Directed by "David Ash", "INCOMPLETENESS" is a must watch series that should definitely be on everyone’s to-watch list. David has previously written and directed a feature film, Twin Cities, for which he has won five awards at various film festivals, including the Amsterdam Film Festival. David Ash is not only writer and director of "INCOMPLETENESS", but is the producer as well. The first season of the series is one hour, fifty-one minutes.
"INCOMPLETENESS" has a shocking beginning: there is the sound of a fist knocking on the door of a room, and then the audience is instantly thrown into the universe of the film, amid a catastrophic event: a very young boy blows his brain out in the room and his parents can only enter the room when he is dead. However, the magnetism of the series begins from this very moment: Suddenly, in the middle of this devastating scene, the director cuts, and the audience finds out what they were witnessing is part of a film the crew is trying their best to record. This stunning opening draws attention to a kind of "film within a film" and reveals the filmmaker’s other important concerns such as making intervals and how he has been able to warn the audience from the outset that their expectations are going to be constantly contradicted.
Admittedly, “INCOMPLETENESS” is a complex series that seeks to blend reality and imagination and aims at mixing up what is really happening and what is imaginary to bridge the gap between the two. The series features a filmmaker planning to make a film while we are aware, at the same time, that it is part of a series directed by David Ash all along. "Film within a film" has always been one of the most fascinating techniques for filmmakers in the history of cinema. As in Woody Allen's “Zelig”, filmmakers try to bridge the gap between the real and the imaginary to arrive at a sort of sheer reality or extreme realism. Within the scenes of the series, we are exposed to people's relationships with each other, their views on working conditions, and their own roles in the film. They compliment one another on their acting although they feel otherwise. As the film is being edited, the viewers fluctuate between times, places, and characters. They know that nothing is going well, and literally feel the chaos and madness behind the scenes. While editing, the filmmaker unburdens himself while staring at his webcam, talks about the current situation of his film, and bursts into tears. He then runs some editing software, and edits all that he has recorded, adds a melancholy piece of music to the video, and sits down to watch himself. “INCOMPLETENESS” is about these moments when one can create something out of one’s sufferings and color it as one desires.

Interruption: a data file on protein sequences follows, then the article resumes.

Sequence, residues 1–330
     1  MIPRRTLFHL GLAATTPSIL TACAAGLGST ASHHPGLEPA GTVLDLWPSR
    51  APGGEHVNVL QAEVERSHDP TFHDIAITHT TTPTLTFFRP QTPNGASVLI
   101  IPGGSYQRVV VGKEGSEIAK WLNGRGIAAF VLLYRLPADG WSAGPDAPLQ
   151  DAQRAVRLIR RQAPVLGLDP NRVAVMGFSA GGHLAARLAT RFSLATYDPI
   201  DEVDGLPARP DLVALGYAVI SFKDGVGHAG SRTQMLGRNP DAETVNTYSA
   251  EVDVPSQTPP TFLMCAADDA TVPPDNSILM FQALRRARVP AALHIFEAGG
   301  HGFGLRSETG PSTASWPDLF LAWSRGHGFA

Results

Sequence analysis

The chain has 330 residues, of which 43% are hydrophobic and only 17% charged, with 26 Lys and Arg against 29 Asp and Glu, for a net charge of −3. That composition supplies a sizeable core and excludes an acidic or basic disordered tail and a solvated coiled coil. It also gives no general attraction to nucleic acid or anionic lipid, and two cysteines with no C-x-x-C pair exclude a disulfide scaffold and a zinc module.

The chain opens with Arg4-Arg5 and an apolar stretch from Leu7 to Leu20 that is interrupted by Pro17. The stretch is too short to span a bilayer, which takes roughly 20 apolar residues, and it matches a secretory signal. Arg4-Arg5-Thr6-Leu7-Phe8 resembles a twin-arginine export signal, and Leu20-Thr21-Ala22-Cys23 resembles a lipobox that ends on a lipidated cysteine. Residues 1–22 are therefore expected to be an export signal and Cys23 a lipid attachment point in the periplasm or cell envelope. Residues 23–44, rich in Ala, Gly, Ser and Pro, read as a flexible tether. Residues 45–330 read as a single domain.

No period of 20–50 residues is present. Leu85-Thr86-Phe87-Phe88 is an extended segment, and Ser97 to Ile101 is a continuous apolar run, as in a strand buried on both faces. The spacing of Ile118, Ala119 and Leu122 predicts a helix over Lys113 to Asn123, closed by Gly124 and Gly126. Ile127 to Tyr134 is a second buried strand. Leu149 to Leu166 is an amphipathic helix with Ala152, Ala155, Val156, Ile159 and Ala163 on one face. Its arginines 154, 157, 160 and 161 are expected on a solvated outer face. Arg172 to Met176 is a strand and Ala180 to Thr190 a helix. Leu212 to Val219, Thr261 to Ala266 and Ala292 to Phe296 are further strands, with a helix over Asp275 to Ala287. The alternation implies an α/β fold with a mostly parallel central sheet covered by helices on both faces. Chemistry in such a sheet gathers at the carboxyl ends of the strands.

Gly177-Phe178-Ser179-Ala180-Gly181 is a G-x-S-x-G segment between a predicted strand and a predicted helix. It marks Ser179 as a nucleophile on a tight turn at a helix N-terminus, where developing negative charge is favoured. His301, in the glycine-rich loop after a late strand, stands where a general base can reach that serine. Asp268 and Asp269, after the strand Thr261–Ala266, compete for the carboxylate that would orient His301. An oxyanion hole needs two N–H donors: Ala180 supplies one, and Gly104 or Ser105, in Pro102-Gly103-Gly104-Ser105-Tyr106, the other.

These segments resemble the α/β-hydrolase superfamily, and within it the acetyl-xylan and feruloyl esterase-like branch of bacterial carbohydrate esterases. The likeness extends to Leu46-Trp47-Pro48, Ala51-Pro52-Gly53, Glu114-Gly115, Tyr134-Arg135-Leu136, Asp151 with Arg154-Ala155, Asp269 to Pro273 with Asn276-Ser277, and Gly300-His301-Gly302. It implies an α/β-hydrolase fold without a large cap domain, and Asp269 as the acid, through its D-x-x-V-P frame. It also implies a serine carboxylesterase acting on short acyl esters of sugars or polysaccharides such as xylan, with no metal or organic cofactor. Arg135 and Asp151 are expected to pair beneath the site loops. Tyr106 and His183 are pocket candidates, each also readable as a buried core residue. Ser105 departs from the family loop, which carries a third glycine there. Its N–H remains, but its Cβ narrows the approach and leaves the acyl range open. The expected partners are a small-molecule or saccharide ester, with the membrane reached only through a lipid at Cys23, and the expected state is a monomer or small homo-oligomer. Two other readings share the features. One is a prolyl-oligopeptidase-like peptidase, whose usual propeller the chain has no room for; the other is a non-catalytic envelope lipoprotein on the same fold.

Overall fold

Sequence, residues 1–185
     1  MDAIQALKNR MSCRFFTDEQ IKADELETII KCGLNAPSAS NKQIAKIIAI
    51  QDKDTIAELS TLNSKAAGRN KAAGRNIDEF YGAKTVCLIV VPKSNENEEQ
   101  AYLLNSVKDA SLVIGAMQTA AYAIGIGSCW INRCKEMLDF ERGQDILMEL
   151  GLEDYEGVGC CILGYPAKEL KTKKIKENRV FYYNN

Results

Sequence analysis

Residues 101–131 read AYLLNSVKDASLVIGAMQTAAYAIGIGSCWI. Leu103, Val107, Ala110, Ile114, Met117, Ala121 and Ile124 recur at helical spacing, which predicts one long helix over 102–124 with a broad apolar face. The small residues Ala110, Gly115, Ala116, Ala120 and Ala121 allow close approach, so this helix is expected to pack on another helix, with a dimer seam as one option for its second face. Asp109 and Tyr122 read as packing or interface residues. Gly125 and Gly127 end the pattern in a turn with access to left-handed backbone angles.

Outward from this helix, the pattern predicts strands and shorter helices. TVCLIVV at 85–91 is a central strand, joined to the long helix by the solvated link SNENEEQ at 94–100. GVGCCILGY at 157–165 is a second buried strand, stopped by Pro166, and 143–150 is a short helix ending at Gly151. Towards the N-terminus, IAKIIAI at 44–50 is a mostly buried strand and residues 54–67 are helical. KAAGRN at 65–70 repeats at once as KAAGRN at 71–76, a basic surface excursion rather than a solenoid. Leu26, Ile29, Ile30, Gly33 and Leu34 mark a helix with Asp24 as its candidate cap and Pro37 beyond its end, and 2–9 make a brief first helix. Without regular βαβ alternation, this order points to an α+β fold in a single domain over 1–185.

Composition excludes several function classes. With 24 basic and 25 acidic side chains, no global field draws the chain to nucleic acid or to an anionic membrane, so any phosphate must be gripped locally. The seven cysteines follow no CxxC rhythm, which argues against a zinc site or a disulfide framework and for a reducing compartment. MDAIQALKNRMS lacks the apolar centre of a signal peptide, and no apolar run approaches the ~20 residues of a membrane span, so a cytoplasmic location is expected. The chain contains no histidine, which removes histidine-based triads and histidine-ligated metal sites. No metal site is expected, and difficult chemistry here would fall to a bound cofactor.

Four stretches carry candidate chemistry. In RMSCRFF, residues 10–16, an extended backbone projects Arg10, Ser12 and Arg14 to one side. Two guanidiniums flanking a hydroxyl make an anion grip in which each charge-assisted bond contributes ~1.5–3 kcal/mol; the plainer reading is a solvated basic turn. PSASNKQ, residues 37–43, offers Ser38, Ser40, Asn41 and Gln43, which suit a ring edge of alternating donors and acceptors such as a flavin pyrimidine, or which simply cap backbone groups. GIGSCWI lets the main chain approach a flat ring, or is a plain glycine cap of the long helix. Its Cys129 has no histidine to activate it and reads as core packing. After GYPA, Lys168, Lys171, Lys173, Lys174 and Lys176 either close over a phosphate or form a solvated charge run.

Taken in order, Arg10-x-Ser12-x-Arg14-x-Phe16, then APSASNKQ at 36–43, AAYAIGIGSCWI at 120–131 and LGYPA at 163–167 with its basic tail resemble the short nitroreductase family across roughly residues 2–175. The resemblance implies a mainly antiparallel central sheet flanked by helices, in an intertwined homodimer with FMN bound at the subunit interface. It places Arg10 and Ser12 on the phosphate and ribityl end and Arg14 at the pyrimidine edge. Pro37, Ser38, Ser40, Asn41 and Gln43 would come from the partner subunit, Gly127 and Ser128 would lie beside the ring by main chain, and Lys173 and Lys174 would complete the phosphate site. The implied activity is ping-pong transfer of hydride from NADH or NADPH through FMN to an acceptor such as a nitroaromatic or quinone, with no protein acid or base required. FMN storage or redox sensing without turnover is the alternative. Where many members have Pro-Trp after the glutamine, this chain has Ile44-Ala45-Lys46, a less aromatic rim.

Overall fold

There are several layers to the series, and the viewers are simultaneously presented with the process of the filmmaking (the relationship between the director and the screenwriter, the conflict between the two with their private lives, and their conversations about the meaning of life and man’s control over his life, and the like), and the relationships between others (the main actors of the film meet after recording for hours and start a romantic relationship). This simultaneity adds other appealing dimensions to the series, and helps David Ash to rescue the series from monotony and infuse different rhythms to it. The series focuses on the worlds of the writer, the director, and the actors in turn. This advantageously enables the audience to relate to different characters: at times they can relate to the rather shy writer whose personality is in sharp contrast with his profession, and seems to be unable to establish a relationship with others or keep up a conversation on the right track, and tries to change the script as the director demands. At other times, they can relate to the director and hear him articulate his inner thoughts, problems, and fears and even his pregnant wife and how she is trying to cope with her loneliness. This diversity is one of the salient features of "INCOMPLETENESS".